Suzi Ruffell, self-described legend. Hyperbole, you might think, and it's certainly hyperbole she's aiming for. But, actually, there's more than a little truth in it. This is a pacy and energetic set from a comic with all the chops and plenty to say.
Particularly, Ruffell wants to talk about what it's like being a working class gay woman. This places her somewhere in limbo. She's the "mouthy cow" in her family because she has views on feminism. But how likely is she to get big in a country where "the only lesbians on TV are the posh ones" (not as outlandish a claim as it sounds)? It is, in essence, a double whammy fish-out-of-water tale, told very well. Particularly effective is her feminist inner voice, which works as a device to explore her own contraditions while giving rein to her flair for bombastic character acting. She also has an adept turn of phrase. Her uncle Bob, for instance, sites his Daily Mail-inspired reasoning around a "trifecta of hate". You don't get many "trifectas" to the pound at the Pleasance.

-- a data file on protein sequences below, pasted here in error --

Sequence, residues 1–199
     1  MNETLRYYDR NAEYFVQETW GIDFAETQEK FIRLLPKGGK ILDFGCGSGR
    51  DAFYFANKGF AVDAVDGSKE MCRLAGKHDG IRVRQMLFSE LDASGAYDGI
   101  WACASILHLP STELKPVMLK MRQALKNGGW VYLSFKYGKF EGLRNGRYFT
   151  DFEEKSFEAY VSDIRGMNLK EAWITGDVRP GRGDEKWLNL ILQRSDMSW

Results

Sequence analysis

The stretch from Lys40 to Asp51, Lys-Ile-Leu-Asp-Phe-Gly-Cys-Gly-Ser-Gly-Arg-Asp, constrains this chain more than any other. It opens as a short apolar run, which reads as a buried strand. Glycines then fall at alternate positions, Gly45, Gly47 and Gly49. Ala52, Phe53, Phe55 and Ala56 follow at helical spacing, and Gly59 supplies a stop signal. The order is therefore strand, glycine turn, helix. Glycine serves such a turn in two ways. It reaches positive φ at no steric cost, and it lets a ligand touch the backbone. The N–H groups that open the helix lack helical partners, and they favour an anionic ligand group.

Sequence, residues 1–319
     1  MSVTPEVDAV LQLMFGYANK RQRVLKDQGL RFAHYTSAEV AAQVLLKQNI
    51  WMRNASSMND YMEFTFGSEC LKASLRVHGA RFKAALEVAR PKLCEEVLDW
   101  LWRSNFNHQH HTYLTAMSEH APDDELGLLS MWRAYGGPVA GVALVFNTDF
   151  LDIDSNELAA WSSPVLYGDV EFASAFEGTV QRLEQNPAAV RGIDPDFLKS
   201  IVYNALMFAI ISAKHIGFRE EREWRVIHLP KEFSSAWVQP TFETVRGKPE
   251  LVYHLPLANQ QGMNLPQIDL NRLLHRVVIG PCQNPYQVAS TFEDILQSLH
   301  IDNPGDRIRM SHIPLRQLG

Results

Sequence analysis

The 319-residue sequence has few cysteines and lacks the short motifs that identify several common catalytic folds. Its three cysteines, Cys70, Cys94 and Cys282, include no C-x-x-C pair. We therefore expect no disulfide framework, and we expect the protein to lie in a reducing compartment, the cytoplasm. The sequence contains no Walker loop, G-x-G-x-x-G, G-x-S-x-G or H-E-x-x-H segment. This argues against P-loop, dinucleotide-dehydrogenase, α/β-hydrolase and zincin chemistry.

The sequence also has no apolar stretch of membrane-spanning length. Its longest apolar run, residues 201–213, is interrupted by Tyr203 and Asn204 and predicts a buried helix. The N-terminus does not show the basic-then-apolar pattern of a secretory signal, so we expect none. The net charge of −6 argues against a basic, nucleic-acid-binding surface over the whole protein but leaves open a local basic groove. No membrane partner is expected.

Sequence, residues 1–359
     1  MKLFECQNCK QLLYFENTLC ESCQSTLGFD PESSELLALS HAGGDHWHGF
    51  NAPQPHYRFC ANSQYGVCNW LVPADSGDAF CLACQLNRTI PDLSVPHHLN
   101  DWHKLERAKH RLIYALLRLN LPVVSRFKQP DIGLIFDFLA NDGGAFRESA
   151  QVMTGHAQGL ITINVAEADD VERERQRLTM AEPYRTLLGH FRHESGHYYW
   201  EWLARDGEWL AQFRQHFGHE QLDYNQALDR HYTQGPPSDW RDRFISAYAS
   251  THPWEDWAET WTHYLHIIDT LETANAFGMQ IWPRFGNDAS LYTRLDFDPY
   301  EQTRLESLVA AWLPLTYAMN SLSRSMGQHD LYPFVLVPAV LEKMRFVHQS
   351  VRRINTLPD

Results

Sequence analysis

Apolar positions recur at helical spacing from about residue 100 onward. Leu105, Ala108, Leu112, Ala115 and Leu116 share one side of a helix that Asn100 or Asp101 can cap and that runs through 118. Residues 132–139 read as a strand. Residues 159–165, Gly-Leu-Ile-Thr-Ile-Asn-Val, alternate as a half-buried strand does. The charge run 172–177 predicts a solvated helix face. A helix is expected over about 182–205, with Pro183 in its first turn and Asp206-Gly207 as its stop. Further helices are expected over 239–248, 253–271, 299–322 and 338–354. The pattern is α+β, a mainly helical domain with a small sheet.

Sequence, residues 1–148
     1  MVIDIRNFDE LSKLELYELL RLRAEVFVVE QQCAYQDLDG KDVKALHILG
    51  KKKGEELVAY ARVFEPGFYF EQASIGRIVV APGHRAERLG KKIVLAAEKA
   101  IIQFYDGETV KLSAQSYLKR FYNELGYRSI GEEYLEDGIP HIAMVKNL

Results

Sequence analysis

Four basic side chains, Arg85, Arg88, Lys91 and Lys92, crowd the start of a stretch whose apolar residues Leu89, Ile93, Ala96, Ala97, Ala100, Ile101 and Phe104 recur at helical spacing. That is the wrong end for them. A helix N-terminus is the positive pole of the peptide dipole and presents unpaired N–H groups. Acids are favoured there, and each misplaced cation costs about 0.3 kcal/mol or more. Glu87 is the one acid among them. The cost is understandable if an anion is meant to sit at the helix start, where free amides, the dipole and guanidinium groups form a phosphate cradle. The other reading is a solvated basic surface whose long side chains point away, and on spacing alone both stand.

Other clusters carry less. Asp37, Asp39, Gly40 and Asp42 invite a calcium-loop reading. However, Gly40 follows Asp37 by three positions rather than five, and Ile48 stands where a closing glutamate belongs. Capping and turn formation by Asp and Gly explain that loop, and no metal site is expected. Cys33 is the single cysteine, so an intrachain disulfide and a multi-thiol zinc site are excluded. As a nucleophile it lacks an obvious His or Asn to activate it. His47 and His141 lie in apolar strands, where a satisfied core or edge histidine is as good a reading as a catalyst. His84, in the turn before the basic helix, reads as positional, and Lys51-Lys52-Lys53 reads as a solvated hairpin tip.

Ruffell is a super-confident performer, but there are times when the mask slips and we catch a bit of the real Suzi. It breaks the magic a little – we see chinks in the armour of the performance. I guess there's two ways of dealing with this. One is to power through. The other, I suppose, is to bring the less frenetic Suzi from behind the curtain into the light. I don't know which is better, but I'm fairly certain Ruffell could pull off either one.